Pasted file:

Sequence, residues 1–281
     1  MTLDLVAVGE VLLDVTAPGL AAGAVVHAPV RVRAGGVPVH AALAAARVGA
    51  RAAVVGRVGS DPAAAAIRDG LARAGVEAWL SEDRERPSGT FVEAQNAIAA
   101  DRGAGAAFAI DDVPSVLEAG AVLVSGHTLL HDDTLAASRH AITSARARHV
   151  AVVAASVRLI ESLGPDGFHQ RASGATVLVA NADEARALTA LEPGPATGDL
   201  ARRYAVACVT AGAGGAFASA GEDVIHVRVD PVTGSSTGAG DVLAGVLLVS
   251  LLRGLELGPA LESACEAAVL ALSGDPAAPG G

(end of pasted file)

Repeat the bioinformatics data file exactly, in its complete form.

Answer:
Sequence, residues 1–281
     1  MTLDLVAVGE VLLDVTAPGL AAGAVVHAPV RVRAGGVPVH AALAAARVGA
    51  RAAVVGRVGS DPAAAAIRDG LARAGVEAWL SEDRERPSGT FVEAQNAIAA
   101  DRGAGAAFAI DDVPSVLEAG AVLVSGHTLL HDDTLAASRH AITSARARHV
   151  AVVAASVRLI ESLGPDGFHQ RASGATVLVA NADEARALTA LEPGPATGDL
   201  ARRYAVACVT AGAGGAFASA GEDVIHVRVD PVTGSSTGAG DVLAGVLLVS
   251  LLRGLELGPA LESACEAAVL ALSGDPAAPG G